Cultural diversity and national integration in Kenya
Subbo, Wilfred Keraka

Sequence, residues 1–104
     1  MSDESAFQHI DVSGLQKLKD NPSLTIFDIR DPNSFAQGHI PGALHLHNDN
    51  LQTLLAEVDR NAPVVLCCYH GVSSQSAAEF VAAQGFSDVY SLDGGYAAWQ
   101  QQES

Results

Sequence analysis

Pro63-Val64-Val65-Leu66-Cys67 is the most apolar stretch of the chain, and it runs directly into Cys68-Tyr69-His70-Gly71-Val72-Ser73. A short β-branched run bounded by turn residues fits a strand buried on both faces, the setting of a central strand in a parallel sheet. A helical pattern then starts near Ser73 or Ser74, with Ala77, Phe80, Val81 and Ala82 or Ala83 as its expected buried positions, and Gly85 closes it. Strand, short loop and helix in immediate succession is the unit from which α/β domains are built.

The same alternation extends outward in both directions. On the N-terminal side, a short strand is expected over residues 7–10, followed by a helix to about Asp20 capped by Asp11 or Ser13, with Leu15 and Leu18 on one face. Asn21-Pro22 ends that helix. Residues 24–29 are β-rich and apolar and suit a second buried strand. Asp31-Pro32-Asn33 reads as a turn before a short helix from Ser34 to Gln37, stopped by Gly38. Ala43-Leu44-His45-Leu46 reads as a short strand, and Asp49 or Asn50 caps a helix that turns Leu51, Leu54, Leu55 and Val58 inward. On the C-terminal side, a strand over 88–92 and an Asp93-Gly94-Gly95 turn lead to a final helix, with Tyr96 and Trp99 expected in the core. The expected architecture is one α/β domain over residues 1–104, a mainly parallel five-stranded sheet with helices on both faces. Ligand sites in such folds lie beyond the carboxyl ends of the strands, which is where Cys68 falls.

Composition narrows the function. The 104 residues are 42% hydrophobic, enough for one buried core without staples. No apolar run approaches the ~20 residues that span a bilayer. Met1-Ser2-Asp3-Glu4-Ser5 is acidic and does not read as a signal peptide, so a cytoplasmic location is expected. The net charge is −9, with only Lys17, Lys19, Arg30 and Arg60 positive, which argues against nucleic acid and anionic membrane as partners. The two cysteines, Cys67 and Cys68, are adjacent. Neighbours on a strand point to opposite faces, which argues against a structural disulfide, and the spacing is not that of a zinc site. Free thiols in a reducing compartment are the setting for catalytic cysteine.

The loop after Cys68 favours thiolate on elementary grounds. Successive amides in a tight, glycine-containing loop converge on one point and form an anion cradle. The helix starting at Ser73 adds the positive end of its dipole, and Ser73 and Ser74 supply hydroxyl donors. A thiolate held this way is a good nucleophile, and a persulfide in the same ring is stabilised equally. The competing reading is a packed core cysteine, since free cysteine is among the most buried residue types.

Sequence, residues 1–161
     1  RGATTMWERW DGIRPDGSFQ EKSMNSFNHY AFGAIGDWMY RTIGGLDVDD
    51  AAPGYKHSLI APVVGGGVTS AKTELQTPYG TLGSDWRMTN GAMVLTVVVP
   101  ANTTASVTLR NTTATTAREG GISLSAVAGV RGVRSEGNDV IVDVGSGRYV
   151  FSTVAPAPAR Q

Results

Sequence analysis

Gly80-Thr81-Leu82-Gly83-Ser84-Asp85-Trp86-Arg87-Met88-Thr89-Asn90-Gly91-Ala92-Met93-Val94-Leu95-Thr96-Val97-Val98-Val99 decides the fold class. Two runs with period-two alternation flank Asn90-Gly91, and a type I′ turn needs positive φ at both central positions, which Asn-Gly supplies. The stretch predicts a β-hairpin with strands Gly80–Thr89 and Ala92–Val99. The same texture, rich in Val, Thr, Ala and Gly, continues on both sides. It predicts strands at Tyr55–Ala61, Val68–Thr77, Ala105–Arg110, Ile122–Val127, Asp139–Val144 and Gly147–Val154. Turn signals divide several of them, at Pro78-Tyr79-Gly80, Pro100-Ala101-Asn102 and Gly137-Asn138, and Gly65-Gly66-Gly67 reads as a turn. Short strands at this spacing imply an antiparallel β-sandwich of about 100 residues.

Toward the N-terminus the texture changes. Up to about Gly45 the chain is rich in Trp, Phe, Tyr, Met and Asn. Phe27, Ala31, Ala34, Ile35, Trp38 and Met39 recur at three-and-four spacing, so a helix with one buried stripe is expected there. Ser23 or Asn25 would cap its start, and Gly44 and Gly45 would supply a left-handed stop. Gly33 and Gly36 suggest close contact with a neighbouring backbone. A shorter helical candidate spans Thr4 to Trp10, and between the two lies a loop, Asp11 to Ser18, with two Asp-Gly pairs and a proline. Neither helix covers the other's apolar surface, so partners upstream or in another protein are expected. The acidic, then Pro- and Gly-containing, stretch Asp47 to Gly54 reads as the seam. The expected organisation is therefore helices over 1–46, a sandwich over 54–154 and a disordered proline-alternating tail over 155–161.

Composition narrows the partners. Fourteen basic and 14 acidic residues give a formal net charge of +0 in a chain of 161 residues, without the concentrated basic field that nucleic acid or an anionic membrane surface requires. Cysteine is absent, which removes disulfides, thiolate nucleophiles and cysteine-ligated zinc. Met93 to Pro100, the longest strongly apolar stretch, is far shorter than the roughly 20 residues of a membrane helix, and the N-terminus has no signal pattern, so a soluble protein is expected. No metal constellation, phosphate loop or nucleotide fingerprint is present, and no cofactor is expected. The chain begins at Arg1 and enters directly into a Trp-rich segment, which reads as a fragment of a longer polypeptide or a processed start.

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Kenya has 42 ethnic groups which all speak different languages, inhabit diverse ecological zones, and differ significantly in their cultural practices. In spite of this diversity, Kenya has remained a unified nation since independence in 1963. However, the recent interethnic conflicts reported in some parts of the Rift Valley, Nyanza and Western Provinces, together with what is often referred to as tribalism or ethnic favouritism, raise the question as to whether there can be any form of lasting ethnic integration. Nor does the formation of ethnically based political parties with the reintroduction of multipartism work in favour of integration. Nonetheless, the present author argues that integration based on cultural diversity is possible in Kenya and that Kenyans should endeavour to minimize feelings of ethnocentrism and emphasize instead the idea of cultural relativity, with each group appreciating the other's values and differences. He highlights some of the factors which can work in favour of cultural integration in Kenya. These include education, the fact that there is one official language (English), the Kenyan love of sports, intermarriages, participation in cultural festivals, economic interdependence, and the existence of a national government.